Start with the fabric (right side down), followed by the wadding, followed by the foam (in my case, flat side down – because I was totally cheating by using a mattress topper), then the backing board.
If you like, you can trim the corners of the wadding and fabric on a 45 degree angle so there isn’t too much excess padding or material when you begin the upholstery process.
STEP 2 | Wrap the fabric around and secure with one staple in the center of each side.
These are just temporary staples to keep everything in position as you upholster. Don’t make them too tight.
NOTE: Yep, I’m using an old school manual staple gun, but I don’t really recommend them. You can get great affordable power ones nowadays which will help make sure you don’t hate upholstery by the end of your project!
STEP 3 | Staple along each side.
Working from the centre of each side, begin stapling the fabric in place. Stretch some fabric evenly down and towards its nearest corner (I find it works best to pull a large amount of fabric at once by gripping it between your palm and fingers) then staple it in place. Stop stapling around 6cm (2″) from each corner.
You may find you need to remove and reattach staples from time to time (if needed you can remove the temporary ones at this stage too) if your fabric appears too tight, loose or rippled. Occasionally look at the front side of your headboard to ensure everything is neat, straight and firm. You may also need to thin some areas of wadding as you go if it seems too thick.
STEP 4 | Fold and staple the corners.
Argh, the corners! I’m not gonna lie, getting these perfect is never easy. I used basic tailored pleats which give a nice clean finish.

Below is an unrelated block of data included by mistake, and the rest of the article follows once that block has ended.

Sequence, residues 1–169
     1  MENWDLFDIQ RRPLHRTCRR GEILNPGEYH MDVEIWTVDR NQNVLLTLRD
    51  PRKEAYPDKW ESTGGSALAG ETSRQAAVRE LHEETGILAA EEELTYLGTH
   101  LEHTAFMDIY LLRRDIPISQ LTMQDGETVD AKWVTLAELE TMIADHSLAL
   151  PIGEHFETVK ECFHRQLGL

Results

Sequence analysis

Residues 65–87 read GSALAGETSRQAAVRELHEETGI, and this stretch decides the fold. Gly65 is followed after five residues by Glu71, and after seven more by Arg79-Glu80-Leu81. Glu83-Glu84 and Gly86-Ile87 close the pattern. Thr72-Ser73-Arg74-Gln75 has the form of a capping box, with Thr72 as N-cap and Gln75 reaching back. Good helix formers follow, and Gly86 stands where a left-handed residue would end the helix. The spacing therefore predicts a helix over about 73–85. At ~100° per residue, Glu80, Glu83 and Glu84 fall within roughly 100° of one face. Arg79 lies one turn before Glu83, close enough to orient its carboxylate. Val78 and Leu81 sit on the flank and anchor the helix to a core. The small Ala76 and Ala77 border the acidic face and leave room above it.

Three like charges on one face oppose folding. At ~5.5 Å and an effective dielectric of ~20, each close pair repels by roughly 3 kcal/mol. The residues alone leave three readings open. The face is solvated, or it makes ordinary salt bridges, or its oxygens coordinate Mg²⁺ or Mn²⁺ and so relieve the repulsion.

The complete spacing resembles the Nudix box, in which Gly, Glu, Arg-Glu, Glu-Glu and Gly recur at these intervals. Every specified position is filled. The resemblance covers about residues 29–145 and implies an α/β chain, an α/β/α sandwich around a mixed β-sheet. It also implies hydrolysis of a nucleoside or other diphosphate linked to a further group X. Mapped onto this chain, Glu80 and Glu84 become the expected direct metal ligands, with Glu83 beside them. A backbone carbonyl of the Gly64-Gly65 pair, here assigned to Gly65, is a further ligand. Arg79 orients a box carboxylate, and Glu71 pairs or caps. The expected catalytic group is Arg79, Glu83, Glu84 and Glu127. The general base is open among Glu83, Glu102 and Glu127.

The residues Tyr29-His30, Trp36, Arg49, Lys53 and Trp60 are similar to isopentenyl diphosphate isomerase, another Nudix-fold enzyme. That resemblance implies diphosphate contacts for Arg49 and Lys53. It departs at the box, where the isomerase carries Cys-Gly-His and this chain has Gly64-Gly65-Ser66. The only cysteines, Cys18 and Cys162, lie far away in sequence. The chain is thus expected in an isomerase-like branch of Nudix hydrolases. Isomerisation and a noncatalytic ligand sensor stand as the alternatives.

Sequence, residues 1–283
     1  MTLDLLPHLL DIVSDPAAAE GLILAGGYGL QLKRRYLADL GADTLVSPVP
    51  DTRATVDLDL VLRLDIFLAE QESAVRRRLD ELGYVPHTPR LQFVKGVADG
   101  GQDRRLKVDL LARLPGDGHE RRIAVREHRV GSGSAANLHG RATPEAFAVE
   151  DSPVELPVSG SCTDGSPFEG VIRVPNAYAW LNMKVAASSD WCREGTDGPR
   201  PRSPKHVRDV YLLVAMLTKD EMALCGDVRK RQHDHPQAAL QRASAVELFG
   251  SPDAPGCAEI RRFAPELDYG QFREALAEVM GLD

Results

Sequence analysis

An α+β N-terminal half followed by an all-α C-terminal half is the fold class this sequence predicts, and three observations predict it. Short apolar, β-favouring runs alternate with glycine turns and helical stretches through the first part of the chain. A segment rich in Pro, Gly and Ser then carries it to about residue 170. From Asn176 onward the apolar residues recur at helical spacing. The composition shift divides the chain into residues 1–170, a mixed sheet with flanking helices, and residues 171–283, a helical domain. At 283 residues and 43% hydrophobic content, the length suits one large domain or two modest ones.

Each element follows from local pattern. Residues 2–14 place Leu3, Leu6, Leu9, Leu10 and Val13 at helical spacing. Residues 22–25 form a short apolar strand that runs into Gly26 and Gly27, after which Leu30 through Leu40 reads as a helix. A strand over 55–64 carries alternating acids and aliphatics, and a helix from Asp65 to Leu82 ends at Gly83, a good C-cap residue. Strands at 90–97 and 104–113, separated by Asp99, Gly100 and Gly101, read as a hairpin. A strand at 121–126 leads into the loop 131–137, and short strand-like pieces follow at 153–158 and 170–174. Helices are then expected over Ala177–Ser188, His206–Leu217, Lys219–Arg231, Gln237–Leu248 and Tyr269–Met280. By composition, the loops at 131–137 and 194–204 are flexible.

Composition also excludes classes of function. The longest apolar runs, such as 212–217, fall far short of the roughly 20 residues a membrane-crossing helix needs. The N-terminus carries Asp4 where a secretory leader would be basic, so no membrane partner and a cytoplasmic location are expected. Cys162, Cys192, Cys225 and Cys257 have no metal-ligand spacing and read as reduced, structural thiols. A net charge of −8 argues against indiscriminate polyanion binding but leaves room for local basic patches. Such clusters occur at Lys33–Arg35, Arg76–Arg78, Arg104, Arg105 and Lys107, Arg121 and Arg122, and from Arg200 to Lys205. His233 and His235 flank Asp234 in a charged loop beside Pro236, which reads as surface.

First, trim off any excess wadding and fabric (being careful not to remove too much, of course). I find it easiest to fold corners when I can see how they’re looking, so stand your headboard upright and position yourself in front of it. Pull the fabric from the vertical side tautly up then secure it with a staple. Next, begin folding and crimping the fabric from the vertical side under, at the same time creating a pleat in the top side (it’s kinda like wrapping a present – kinda). Obviously, I generally use two hands for this though I had to hold the camera. If needed use a tool (such as a butter knife or a bone folder) to push any excess fabric inside the pleat or to smooth out any creases. Keep manipulating the fold until it’s neat then wrap the top edge over and secure it with a staple.
Don’t pull too tightly or you’ll over compress your foam and make the corners too shallow. You want to try and maintain the same level of depth overall.
TIP: If you’re struggling to maintain the shape and height of your corner, trim a strip of card (roughly 10cm/3″ long and about the same depth as your foam) then position it around the corner – under the wadding – to help provide some structure.
Check the appearance of the corner from the front. If needed, smooth and staple any nearby loose or rippled areas of fabric until everything is neat and even. Repeat until all corners are complete.
So, here’s my finished doll’s bed headboard. Or maybe it could be the top of a bench seat? Either way, really happy with how it turned out.
STEP 5 | Attach backing fabric (optional).
For the purpose of staging the house I didn’t bother attaching any backing fabric though I will if I plan to sell the headboard. It’s a simple matter of trimming some material to size then neatly attaching it (with staples or tacks) to conceal any less than attractive components.
STEP 6 | Add legs or mounting battens (optional).
As already mentioned, I didn’t feel the need to attach legs or mounting battens however this is a super easy addition. Just cut some narrow timber to size and screw it to the backing board.
It can be fiddly, and getting perfect results takes time and practice, though there’s nothing difficult about this project.
Hope this encourages you to give it a go!
See the entire master bedroom makeover reveal HERE.